“Amy McGrath lost her only race in a Democratic wave election because she is an extreme liberal who is far out of touch with Kentuckians,” said Kevin Golden, McConnell’s campaign manager. “Comparing President Trump’s election to 9/11, endorsing a government takeover of healthcare, and calling the wall ‘stupid’ is a heckuva platform that we will be delighted to discuss over the next sixteen months.”
McGrath launched onto the political scene a little less than two years ago with a similar video, that time standing on a runway while she told her story of accomplishing her childhood dream by becoming the first woman in the Marine Corps to fly in an F-18 into combat. The video quickly brought in both national attention and money as the Democrats attempted to win back control of the U.S. House of Representatives.
After upsetting Lexington Mayor Jim Gray in the primary, McGrath was met with a barrage of ads from Barr and the Republicans defining her as “too liberal for Kentucky.” They were aided by a McGrath comment at a fundraiser in Massachusetts where she said “ I am further left, I am more progressive than anybody in the state of Kentucky.”
The clip played on repeat in the buildup to the election and the narrative stuck. While McGrath talked about putting country over party and taunted Barr, her campaign refused to run traditional attack ads.
That appears to have changed in the Senate race. McGrath went straight for McConnell in her announcement video, blaming him for a congress where “dysfunction and chaos are political weapons, where budgets and healthcare and the Supreme Court are held hostage, a place where ideals go to die” as images of McConnell flash across the screen.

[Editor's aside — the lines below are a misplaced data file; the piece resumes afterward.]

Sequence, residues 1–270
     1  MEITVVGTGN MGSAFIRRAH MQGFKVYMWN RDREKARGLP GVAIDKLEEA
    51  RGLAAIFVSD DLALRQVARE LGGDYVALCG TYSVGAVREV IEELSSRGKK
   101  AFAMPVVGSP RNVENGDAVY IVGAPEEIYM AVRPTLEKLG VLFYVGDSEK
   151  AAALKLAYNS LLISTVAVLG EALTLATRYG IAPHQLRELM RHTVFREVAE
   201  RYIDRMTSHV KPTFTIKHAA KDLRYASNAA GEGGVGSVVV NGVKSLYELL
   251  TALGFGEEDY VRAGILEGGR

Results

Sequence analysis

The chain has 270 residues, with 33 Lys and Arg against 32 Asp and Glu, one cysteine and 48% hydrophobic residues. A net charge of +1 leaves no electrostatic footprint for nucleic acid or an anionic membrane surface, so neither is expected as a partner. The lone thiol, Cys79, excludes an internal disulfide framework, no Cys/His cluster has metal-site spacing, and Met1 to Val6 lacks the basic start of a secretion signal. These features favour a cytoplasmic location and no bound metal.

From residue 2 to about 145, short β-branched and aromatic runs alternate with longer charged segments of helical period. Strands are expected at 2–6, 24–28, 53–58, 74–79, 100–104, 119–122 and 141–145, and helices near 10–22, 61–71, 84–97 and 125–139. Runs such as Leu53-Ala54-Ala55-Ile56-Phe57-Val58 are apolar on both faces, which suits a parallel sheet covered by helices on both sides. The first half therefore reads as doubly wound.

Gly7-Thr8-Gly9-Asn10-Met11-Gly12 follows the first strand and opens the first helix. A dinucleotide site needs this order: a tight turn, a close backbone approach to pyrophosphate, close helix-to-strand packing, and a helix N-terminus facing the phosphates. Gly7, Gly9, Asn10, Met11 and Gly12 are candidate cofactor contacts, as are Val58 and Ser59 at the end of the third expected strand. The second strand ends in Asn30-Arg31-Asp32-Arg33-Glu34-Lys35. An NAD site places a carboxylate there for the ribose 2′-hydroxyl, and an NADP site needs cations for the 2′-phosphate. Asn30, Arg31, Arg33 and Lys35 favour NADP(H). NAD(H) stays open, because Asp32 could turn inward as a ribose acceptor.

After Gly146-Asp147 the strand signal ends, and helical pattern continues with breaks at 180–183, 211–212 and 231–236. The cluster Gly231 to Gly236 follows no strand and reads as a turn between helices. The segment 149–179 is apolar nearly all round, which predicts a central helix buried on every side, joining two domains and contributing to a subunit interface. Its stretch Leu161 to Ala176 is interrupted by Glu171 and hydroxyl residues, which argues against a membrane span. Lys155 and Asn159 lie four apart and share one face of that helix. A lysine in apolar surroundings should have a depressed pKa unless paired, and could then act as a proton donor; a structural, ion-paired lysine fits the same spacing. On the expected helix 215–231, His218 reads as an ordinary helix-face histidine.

McConnell, 77, has not backed away from his reputation as the killer of bills in the Senate. When Speaker of the House Nancy Pelosi, D-California, called him the “grim reaper” in the Senate, McConnell’s campaign openly embraced the moniker. They even started selling t-shirts.
In McConnell’s own three-minute campaign announcement video in April, he even highlighted one of his most consequential decisions in his time as Senate Majority Leader — the decision to block President Barack Obama’s U.S. Supreme Court nominee during the 2016 election. McConnell has celebrated the decision at campaign stops in Kentucky (he closed his Fancy Farm speech in 2017 by saying “Justice Neil Gorsuch”) and has said the decision helped lead to Trump’s election.
The decision has also drawn ire from Democrats. A political action committee called Ditch Mitch raised $1.1 million in the second quarter of 2019 and has run TV ads in Kentucky attacking McConnell over the Supreme Court vacancy, the source of his campaign money and his opposition to the Affordable Care Act.
In her announcement, McGrath touched on similar issues before ending with a promise to restore civility to politics.
“There is a path to resetting our country’s moral compass,” McGrath said. “Where each of us is heard and we can become, once again, the moral and economic leader of a world in disarray. But to do that, we have to win this.”
Lesley Clark contributed to this article from Washington D.C.